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The Madness of Crowds: Gender, Race and Identity; THE SUNDAY TIMES BESTSELLER Paperback – 17 September 2019
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[Murray's] latest book is beyond brilliant and should be read, must be read, by everyone. He mercilessly exposes the hypocrisy and embarrassingly blatant contradictions that run rife through the current 'woke' vogue. ― Richard Dawkins
Whether one agrees with him or not, Douglas Murray is one of the most important public intellectuals today. ― Bernard-Henri Lévy
How can you not know about The Madness of Crowds? It's actually the book I've just finished. You can't just not read these books, not know about them. ― Tom Stoppard
Simply brilliant. Reading it to the end, I felt as though I'd just drawn my first full breath in years. At a moment of collective madness, there is nothing more refreshing - or, indeed, provocative - than sanity. ― Sam Harris, author of five New York Times bestsellers and host of the Making Sense podcast.
An abomination ― Titania McGrath, author of Woke: A Guide to Social Justice
This is an author who specialises in expressing what everyone sort of knows already and is afraid to say ... well argued, well supported and well observed ― Lionel Shriver, The Times
Graceful and witty ― Guardian
Necessary and provocative ― Evening Standard
Impressive and lively . Murray's comprehensive survey of the prevailing madness will not persuade every reader. But it raises the real questions of our times. ― Roger Scruton, Unherd
Murray's book performs a great service ― Financial Times
Fascinating . Much of what Murray writes is pertinent and hard to disagree with ― Sunday Times
Murray is a superbly perceptive guide through the age of the social justice warrior ― Daily Telegraph
Murray's book raises urgent questions about how people should conduct themselves in today's age of "wokeness"' ― Catholic Herald
- Publisher : Bloomsbury Continuum (17 September 2019)
- Language : English
- Paperback : 288 pages
- ISBN-10 : 1472959973
- ISBN-13 : 978-1472959973
- Dimensions : 15.4 x 1.9 x 23.3 cm
- Best Sellers Rank: 52,113 in Books (See Top 100 in Books)
- Customer Reviews:
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Put simply, Murray questions assumptions. I learned a lot. For example, after 40 years of having close gay friends, you’d think (and I would have thought) that I’d have nothing new to learn. Wrong! I found his entire line of inquiry refreshingly honest and informative.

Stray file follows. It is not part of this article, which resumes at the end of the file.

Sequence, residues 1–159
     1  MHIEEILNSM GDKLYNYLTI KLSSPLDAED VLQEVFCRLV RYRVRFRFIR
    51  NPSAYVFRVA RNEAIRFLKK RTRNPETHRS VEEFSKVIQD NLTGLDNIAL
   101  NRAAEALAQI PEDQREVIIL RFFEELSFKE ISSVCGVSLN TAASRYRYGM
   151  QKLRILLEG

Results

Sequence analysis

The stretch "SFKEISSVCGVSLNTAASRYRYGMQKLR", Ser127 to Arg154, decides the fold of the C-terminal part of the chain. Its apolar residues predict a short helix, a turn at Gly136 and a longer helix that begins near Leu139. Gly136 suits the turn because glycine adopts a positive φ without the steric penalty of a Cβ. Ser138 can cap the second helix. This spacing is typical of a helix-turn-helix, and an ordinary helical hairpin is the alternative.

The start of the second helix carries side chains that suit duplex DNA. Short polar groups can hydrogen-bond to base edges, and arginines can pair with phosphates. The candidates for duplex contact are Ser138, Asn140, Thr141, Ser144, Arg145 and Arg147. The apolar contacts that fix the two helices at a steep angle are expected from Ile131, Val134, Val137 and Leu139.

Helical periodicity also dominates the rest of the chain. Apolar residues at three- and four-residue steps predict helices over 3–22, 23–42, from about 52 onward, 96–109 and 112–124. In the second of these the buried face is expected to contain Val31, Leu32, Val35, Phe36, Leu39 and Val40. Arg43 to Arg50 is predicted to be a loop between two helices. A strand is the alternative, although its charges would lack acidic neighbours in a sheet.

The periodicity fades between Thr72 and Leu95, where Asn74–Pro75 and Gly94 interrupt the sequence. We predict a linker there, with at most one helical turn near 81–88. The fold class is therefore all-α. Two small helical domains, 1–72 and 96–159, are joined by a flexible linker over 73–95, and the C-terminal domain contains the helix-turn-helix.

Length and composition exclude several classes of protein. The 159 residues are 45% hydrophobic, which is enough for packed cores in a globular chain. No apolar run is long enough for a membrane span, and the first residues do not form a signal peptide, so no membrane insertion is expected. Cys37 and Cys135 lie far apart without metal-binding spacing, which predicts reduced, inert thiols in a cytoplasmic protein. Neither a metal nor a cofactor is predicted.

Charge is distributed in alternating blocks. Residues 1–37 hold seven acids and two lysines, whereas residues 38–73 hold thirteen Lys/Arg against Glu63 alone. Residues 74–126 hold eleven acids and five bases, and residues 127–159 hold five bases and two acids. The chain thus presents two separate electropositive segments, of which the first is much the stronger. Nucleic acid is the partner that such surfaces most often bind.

His arguments concerning the “trans” phenomenon would be particularly helpful for any parent faced with a child claiming to be “in the wrong body” - read it and beware. All is not as it might appear.
A marvellous read - highly recommended!
If I had to select one section of "The Madness of Crowds" that intrigued me more than any other, it is the one entitled Interlude – The Marxist Foundations in which Murray gives us a snapshot of what is happening in our universities today. At one time seats of learning and debate, some faculties now are anything but with academic standards dropping and the shouting down of anyone who has a view that differs from the madding crowd. He also highlights some of the nonsense that emanates from academics you would expect to know better. Here is a classic example from Judith Baker, American philosopher and gender theorist: "The move from a structuralist account social relations in relatively homologous ways to a view of hegemony in which power relations are subject to repetition, convergence, and rearticulation brought the question of temporality into the thinking of structure, and marked a shift from a form of Althuserian theory that takes structural tonalities as theoretical objects to one in which the insights into the contingent possibility of structure inaugurate a renewed conception of hegemony as bound up with the contingent sites and strategies of the rearticulation of power." Got it? All in all, "The Madness of Crowds" is a timely reminder of an ever-changing world in which we should stop for a moment and ask ourselves the question – where are we heading?